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Ask Dr. Sears: Little Interrupters

[STYLE {Q. Lately, when I talk to other people, my daughter interrupts me. How can I get her to stop and wait her turn?} {SECTION}]

[STYLE {A.} {SECTION}] Some kids get so excited about what they have to say that they can't wait to share it with their favorite audience  -- namely, you. Rather than squelch your child's willingness to communicate with a reprimand, why not take the opportunity to teach a valuable lesson in turn-taking? Here, some techniques that my wife, Martha, and I used with our kids:

• As soon as she begins to cut in, acknowledge her by saying something like "That's exciting! Hold your thought while Mommy finishes talking." You want to send the message that what she has to say is important to you, but the timing's just not right. Of course, it might take a little repetition before it starts to sink in that she needs to wait.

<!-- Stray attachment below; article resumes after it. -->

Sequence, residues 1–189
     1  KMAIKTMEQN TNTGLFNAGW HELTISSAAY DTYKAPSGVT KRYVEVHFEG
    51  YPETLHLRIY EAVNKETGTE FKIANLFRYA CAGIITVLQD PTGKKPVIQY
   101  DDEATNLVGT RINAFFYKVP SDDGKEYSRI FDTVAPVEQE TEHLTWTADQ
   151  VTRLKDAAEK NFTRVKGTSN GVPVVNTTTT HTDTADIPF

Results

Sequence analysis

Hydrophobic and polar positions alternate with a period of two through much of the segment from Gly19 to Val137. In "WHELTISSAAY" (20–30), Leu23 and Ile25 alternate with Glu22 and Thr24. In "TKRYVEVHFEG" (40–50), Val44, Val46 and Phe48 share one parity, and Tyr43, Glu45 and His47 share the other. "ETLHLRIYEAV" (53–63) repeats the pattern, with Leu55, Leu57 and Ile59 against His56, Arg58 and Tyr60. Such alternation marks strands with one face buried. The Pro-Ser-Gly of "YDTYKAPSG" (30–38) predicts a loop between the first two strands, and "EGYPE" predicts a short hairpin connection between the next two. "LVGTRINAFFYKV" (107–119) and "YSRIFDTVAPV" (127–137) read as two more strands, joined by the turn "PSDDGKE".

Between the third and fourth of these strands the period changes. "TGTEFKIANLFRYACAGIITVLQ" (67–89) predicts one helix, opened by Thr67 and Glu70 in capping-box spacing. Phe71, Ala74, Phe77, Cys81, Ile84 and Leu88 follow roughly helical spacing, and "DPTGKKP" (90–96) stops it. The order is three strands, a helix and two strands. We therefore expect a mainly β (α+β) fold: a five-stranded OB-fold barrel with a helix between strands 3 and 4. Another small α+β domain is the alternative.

• Ask her to express her thoughts in quiet ways. Once when I was involved in a conversation that couldn't be interrupted, my son Matthew, who was 5 at the time, was persistent. I asked him to draw a picture of what he wanted to tell me and then come back and show it to me. By the time he did, I was finished talking and could give him my undivided attention. From then on, anytime I'd say "Draw Daddy a picture," to prevent him from butting in, he did so without a fuss.

• If she's just bursting with something to say that really can't wait, teach her that there are polite ways of interrupting  -- quietly tapping you and saying "Excuse me," for instance. Simply make such manners the norm in your family, and she'll learn from your example.

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